Yeah. That's definitely an inherent issue with pretty much any software system that's getting built today. There's going to be dependencies. And the likelihood that any organization will be successful in getting that third party to participate in any white box testing is good luck. You're going to call some company and be like, we would like to look at your source code. They're like, yeah, how about shut up? It's just not going to happen. So what organizations need to do is they need to understand where those dependencies lie, they need to account for that and part of their threat model. And then ultimately you defend against it with a defense in depth. And so that's assuming that these shared components might themselves ultimately be the source of a security breach. And then how do you mitigate the likelihood of that compromise impacting your system? And then how do you minimize the impact when that actually were to happen of the compromise of your most valuable assets? So it's a really, really tricky problem. That's obviously a lot more complex than the way I just super, super oversimplified it-

Mike Gruen:
No. It's really just that easy as someone who oversees all, it's just that easy, we are... yeah.

Ted Harrington:
Just do it. I don't understand it but just do it.

Mike Gruen:
Right. Right. We talk about supply chain and we talk about dependency and all that, but the reality is like, you're still just as like, let's say you were to go the opposite extreme. If you were to try to build everything yourself, you're just as likely to create those same problems or those same abilities or whatever. So it's not like there's a good answer. The right answer it's really about dependency management and testing, scanning, being confident in those third parties that you are trusting, try to minimize your footprint. I would say like, don't have a bunch of third party dependencies that all do the same thing, trying unify and use as few as possible. That's our approach. I'm curious what your thoughts are on that.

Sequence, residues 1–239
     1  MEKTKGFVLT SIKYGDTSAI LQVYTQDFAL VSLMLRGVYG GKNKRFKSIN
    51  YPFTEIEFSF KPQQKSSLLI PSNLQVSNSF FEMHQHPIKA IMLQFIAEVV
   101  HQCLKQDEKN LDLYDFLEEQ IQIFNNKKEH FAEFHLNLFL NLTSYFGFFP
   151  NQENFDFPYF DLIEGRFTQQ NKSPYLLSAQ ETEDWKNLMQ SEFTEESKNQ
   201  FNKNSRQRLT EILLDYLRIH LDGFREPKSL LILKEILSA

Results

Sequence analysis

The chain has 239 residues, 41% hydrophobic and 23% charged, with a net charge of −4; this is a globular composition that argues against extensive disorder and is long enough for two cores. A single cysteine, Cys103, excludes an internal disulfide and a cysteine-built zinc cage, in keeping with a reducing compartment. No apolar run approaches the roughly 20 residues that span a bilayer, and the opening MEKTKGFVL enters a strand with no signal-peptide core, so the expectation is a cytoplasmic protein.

Ted Harrington:
Yeah. I love the word dependencies, because I think that that single, where I've been struggling with this for a while, thinking of how do we simply describe the problem? And I'm like, is it vendor supply? Is it supply chain management? Is it vendor risk management? And you hit it. I mean, dependencies that's really the issue. And I think a lot of people can visualize the idea of a dependency, like a row of dominoes. If this one domino over here falls, this other domino over here is also going to fall. And this-

Mike Gruen: